Postpartum care community

“Postpartum” is the time following a pregnancy. It is not a syndrome. It can last from six weeks, to all of life … Maternal health is foundational to the health of humanity.” Rachelle Garcia Seliga, Innate Traditions

Following the birth of my second child, I remember pausing on an ad in The Mauimama for a postpartum doula. How extraordinary it would feel to be taken care of – being physically and emotionally upheld…beyond what my already maxed-out loved ones could provide. It was around that time, I began to hear stories of cultures, across the planet, who are traditionally centered around taking care of the mother after birth.

In our modern society, we aren’t necessarily surrounded by extended family and a village whose members take care of one another, as we once were. But, finding ways to move toward this could make all the difference. Revillaging is the concept of rebuilding and nurturing connections to those around us, with the intention of forming stronger community. One very important central act this calls forth is a restructuring of our lives to honor mothers. This is more than any one of us can do for ourselves or someone else. It truly requires all of us together. The more we learn about what a person needs for their healing, having just birthed, the better we can support them. In the first six weeks postpartum, here’s what mothers need most:

Rest: Lying down as often as possible, and resting when baby rests, will provide healing effects for years to come.

Warmth: Traditions the world over, value the importance of keeping the new mother warm. This is essential for her healing, and goes hand-in-hand with rest. The best place for a new mama is tucked into bed, nursing and falling asleep with baby.

Nourishing foods: Simple, whole foods, and dishes cooked with warming spices are helpful. Plentiful fresh fruits and vegetables, clean proteins, lots of healthy fats and as few processed foods as possible. Pre-prepared meals and snacks, that can be grabbed from the fridge or freezer, are perfect. Preparing a meal train for the family is essential. Check out: and

Boundaries: Helping hold space for the birthing parent cannot be understated. Do not insist on visiting, and if invited, help in whatever way you’re able while there. In her podcast The Fourth Trimester (Episode 69), Esther Gallagher suggests being very direct in your offer to help, if granted the wonderful gift of a visit. Throughout your visit pay close attention, and be observant to any needs that arise. You might say, “I see the baby has nursed, and is still awake. Would you like me to hold him, while you shower? Or would you rather sleep, while I stay close to his crib and fold laundry?”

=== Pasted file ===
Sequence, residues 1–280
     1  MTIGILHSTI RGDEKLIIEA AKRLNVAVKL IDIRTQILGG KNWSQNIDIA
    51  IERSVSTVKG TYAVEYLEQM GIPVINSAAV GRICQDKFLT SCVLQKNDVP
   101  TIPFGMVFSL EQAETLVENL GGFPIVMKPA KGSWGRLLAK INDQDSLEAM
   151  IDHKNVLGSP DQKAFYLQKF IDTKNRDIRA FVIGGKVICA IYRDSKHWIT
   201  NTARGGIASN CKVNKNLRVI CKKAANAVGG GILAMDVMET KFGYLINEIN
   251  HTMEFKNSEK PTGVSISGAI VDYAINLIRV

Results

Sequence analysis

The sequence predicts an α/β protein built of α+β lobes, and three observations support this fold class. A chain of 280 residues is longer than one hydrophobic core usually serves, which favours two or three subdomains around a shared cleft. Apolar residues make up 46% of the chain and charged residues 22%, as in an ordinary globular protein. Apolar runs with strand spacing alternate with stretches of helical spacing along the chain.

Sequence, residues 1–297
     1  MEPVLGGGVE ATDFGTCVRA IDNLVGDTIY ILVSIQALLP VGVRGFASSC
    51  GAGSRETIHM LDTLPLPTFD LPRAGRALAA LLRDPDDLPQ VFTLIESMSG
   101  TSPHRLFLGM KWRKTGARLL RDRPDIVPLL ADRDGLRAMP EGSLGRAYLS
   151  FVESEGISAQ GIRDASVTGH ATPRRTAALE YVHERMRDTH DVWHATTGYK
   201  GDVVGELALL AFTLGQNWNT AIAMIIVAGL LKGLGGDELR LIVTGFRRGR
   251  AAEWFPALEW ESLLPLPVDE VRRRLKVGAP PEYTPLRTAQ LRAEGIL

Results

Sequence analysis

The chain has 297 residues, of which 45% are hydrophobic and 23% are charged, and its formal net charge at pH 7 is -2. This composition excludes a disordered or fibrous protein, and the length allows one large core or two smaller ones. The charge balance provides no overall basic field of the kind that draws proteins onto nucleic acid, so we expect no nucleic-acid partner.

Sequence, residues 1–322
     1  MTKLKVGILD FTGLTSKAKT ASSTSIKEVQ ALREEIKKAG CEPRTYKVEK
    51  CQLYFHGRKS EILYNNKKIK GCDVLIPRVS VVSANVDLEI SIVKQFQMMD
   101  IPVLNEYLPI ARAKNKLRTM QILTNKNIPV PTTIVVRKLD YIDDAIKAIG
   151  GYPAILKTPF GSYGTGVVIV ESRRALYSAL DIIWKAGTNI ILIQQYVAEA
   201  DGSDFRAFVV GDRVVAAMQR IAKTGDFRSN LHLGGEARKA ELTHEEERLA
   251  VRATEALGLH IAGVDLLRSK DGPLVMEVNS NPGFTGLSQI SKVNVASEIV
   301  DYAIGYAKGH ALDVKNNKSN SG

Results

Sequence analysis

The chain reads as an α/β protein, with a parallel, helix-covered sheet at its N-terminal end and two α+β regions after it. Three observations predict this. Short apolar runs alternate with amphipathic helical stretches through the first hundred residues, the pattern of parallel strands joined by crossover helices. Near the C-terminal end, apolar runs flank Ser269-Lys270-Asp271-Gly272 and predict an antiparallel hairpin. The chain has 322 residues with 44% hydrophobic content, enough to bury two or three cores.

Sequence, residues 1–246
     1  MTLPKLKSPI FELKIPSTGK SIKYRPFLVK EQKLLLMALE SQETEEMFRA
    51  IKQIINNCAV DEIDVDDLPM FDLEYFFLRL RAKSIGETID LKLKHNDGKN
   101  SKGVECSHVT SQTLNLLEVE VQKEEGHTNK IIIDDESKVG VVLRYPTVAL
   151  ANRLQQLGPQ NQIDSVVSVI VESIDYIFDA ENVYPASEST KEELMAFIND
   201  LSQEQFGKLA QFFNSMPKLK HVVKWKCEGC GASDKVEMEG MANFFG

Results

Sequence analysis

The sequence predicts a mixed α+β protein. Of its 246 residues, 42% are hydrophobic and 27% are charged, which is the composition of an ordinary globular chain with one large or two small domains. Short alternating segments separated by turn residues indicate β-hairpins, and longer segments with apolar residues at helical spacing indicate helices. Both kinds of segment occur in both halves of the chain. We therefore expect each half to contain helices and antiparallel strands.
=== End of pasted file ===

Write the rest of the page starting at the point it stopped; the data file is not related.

Support: What are you able to offer the new family? It may be physical help in the first weeks and months, such as arriving with prepared food and/or groceries you’ve picked up, taking care of older children, offering to shop, or cleaning the bathroom. Also essential is offering emotional support. Reaching out with a listening ear, and offering to help brainstorm during pregnancy about postpartum planning can be so helpful! Two great books that provide guidance for making a solid plan are “Build Your Nest: A Postpartum Planning Workbook” by Kestrel Gates and “Seven Sisters for Seven Days: The Mothers’ Manual for Community Based Postpartum Care” by Michelle Peterson.

Cultural Competency: Wherever we live, we have an opportunity and responsibility to pay honor to the host culture, centering their voices and skills. Here in Hawaii this kuleana carries over into the area of birth and postpartum and to the traditional keepers of these practices. Acknowledging the role these traditions and practices play can be an essential element to the mother’s care. If the mother or birthing person you are helping support is indigenous or from another culture, acknowledging the role their traditions and practices play is an essential element of practicing cultural competence. 

However you’re able, find a way to make a new mother in your life feel loved, honored and well taken care of. And encourage others to do the same!

Image Credit: Kara Whitaker

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Kara Whitaker is a postpartum doula, and mom of two sons. She is passionate about reweaving community connection, and finding creative ways of caring for mothers and new families. You can visit her profile at or email


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